“He was basically considered very high risk, because he was in an advanced stage of his cardiomyopathy where his kidneys and liver – secondary to his heart failure – were already failing,” Dr. Deng said.

Happe, Dr. Deng said, was willing to take the risk of having the surgery so he could spend more years with his wife Diane (who died in 2015) and his children. In 1985, doctors estimated that he had only months left to live. When Happe was 12 years old, his father had died of the same condition.

“In a way, Mr. Happe was a philosopher early on in life, because he was dealing with his own mortality, with his father’s mortality, and out of that came a gratitude,” Deng said. “He was fully aware not only of his own mortality, but also about the importance of his wife and family.”

Eric Happe said his father also loved doing donor advocacy, outreach and meeting with patients.

“He helped Lord knows how many hundreds of other people, by all the donor outreach and meetings and speaking engagements,” Eric Happe said. “He spoke all over the place. He’d go anywhere to talk about it.”

“We would always make little goals, him and I,” said Ryan. “He’d say, ‘I want to be there when you start high school,’ or, ‘I want to be there to teach you how to drive.’ Once we achieved that goal, we would set a new goal. One of the biggest was that he really wanted to walk me down the aisle when I got married.”

When Ryan got married at the age of 23, Happe was there to walk her down the aisle.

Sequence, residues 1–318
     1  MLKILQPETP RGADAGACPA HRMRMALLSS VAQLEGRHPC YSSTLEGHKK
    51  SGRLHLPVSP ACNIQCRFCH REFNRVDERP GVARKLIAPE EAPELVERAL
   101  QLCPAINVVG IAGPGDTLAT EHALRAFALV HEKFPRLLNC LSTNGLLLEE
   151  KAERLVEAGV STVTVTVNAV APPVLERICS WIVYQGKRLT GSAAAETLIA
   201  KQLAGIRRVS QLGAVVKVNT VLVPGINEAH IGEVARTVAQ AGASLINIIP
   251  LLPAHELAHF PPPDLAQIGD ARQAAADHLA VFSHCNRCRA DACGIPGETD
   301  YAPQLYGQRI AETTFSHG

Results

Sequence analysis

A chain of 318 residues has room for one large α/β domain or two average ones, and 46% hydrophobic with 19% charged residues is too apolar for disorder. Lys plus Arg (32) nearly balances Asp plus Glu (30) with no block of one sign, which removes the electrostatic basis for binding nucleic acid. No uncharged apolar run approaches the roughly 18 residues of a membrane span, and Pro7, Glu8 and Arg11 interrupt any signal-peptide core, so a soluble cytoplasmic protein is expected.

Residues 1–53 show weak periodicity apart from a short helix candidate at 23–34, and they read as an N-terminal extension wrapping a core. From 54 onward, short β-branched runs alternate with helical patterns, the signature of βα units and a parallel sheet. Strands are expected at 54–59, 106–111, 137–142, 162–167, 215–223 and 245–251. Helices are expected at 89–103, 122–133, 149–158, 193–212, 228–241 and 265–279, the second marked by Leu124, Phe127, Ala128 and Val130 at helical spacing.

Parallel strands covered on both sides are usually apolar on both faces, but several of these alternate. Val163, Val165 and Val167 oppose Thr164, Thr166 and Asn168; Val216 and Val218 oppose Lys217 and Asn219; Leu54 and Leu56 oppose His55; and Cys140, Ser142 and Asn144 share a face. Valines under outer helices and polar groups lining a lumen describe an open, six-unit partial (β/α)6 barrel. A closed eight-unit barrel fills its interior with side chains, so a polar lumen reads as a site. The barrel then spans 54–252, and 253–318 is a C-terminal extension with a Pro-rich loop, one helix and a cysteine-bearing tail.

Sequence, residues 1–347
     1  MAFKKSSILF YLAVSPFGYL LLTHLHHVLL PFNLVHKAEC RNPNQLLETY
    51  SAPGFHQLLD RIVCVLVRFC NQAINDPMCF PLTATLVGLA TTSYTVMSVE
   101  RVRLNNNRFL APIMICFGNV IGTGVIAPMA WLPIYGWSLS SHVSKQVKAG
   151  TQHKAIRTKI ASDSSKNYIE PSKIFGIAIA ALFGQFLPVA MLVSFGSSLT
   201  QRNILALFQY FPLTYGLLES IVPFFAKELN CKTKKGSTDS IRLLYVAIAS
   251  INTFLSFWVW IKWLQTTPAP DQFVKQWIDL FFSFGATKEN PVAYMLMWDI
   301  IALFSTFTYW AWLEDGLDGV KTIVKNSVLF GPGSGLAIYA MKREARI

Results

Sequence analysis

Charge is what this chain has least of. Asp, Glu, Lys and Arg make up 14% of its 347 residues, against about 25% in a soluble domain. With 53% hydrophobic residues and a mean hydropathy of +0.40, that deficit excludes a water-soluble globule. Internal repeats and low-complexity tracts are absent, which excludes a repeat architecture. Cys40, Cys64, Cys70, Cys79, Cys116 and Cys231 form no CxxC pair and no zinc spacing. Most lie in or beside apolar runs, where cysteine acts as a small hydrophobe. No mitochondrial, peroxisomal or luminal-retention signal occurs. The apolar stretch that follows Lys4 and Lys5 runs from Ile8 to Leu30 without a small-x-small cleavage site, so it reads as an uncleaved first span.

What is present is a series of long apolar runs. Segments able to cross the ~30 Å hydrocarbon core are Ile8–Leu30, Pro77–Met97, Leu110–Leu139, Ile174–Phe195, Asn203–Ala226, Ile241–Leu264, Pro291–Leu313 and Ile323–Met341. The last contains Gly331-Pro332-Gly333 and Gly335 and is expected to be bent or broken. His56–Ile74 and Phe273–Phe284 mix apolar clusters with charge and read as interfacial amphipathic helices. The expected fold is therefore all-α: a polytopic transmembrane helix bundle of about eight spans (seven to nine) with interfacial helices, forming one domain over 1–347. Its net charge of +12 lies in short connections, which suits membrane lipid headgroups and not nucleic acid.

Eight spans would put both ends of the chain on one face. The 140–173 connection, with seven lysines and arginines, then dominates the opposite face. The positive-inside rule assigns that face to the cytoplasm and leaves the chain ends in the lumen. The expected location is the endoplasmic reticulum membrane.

“He had this very big desire to live and do the things he wasn’t able to do before,” Ryan said.

Never slowing down

Perhaps most fondly, Ryan likes to recall how she hosted her father for a regular Sunday dinner that became a kind of familial ceremony of good humor. Happe was fond of jokes and always brought a raft of new and corny stories to share with his grandchildren.

“I had him over for dinner every single Sunday,” Ryan said. “I was just very involved in his life. He was here all the time. He got to know his grandkids really well.”

As Happe’s cancer spread, doctors removed his bladder in November. “That’s kind of when we noticed the biggest decline both physically and mentally in him,” Ryan said.

After her father’s death, Ryan said, she made a very difficult call to the mother of the girl whose donated heart had kept Happe alive for so many years.

“He had a real bond with the family,” Eric Happe said.

Meeting the family of his donor helped them both, Ryan said. “They remained in very, very close contact all the way through,” she said. “In fact, that was one of the hardest phone calls I had to make."

But, even as his illness grew, her father “never talked too much about slowing down,” Ryan said. “He was just more of a positive person.”

She recalled, “Right before he passed away in the hospital, the UCLA transplant team came in and spoke with him and kind of said their goodbyes. And that meant so much to him.”

Learn more about the heart transplant program at UCLA Health.

Tina Daunt is the author of this article.